John

I wish today to speak of news totally unexpected. I’ve learned I have a grandson. He’s the son of my late son Albert, of whom I’ve written from time to time in pages past. I never thought I would have a grandson, because Albert just didn’t seem the sort of man who would father a son for reasons – painful reasons – I long ago spoke of.

For reasons of security, I’ll refer to my new-found grandson only as “John”. John, now in latter middle-age, came to know of me through the various contacts he has within high circles of the English and American establishments. John, I should explain, is one of America’s best known political journalists. He writes for one of the big American newspapers, and also appears on the television a lot in the capacity of – what men today call – a “pundit”. So well-known is John that most of you reading this, and who own a television, would know his face immediately.

I have, by the way, no doubt that John is the biological son of Albert, because, from photos he’s sent me, I see a definite likeness to Albert as I remember him. John came into the world out of a love-affair Albert had with a young American woman while, as a young man, he was living in France. The young woman, on learning she was “with child”, returned home to America where she gave birth to John, and where she brought him up.

You, if you read regularly this blog, will understand the risks John is running by communing with me and revealing our propinquity. Were it to become widely known that John is not only communing with me secretly, but is my grandson too, he would be sacked immediately by his newspaper, and shunned by the men of television. John would thus be ruined. And not only him, but his family too, for John has a wife and children to whom he says he is devoted.

While, for reasons of John’s well-being, I cannot reveal more of his current outward life, I can reveal something of his current inner life, which – without putting too fine a point on it – is in turmoil. John is undergoing a spiritual crisis, for, over the years, he came to learn that what actually goes on in America and in the world, isn’t what he thought it was. So that most of what he writes for the public, and most of what he says on the television, isn’t about what is actually going on in America and in the world, but only about what those who really rule America, and who really rule the world – the ones who pull the strings, so to speak – want the public to know.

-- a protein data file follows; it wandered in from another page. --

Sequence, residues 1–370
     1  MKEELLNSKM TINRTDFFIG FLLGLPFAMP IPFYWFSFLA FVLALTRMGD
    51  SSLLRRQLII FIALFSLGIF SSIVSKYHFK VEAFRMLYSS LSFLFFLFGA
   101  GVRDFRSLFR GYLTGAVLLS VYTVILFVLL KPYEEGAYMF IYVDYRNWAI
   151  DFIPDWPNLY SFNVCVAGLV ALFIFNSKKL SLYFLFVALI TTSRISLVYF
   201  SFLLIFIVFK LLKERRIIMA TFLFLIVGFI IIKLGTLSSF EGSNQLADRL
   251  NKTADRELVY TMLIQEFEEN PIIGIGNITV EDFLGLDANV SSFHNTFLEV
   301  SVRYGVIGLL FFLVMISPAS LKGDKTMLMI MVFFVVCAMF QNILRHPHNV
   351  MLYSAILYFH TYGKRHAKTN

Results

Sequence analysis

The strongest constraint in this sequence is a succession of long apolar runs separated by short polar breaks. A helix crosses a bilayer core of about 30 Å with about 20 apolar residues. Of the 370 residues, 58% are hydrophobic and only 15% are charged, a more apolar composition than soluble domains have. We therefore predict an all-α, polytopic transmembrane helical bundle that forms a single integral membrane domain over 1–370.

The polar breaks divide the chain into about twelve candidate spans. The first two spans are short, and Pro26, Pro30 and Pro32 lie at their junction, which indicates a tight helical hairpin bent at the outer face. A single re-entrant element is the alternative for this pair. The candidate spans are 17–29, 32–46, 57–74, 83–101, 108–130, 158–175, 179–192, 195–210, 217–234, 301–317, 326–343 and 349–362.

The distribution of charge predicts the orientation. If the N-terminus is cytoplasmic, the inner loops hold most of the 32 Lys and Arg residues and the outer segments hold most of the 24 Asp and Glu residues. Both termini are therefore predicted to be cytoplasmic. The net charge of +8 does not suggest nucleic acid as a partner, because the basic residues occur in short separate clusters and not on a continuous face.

Were John to tell these hidden truths to the public, he would be finished as a journalist and television pundit. He would be as ruined as much as he would be were he to reveal his propinquity to me. As added insurance against professional and public ruin, he reveals none of these hidden truths, as well as nothing of his propinquity to me, even to his wife and family. The emotional toll on him has become such, that he feels he is now merely a mask – a hideous grinning mask.

John decided to establish contact with me, not only to find out more of own origins, but to find an outlet for telling at least some of the hidden public truths he can tell to no-one. I, as John’s grandfather, have agreed to allow this blog to be his conduit for saying the things he feels he must say, else he will go mad.

I have to say, though, that from the smidgen of the hidden truths which John has so far revealed to me, there’s almost nothing I haven’t come across before. But – and this is important –  none of it was in the big newspapers. So, if you, yourself, get your news only from the big newspapers, or from big television, you could find your safe comforting little world upended when you learn what John has to say. It may even send you mad. You are therefore warned.

I cannot say when John will begin his revelations. It may be soon. Or not be soon. It may be never, for, who knows, John may have second thoughts. Even if he does, I can say only that what little he has revealed to me so far, does have the ring of truth. I say this from having been an active General, and from a very long life……….
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2 comments on “John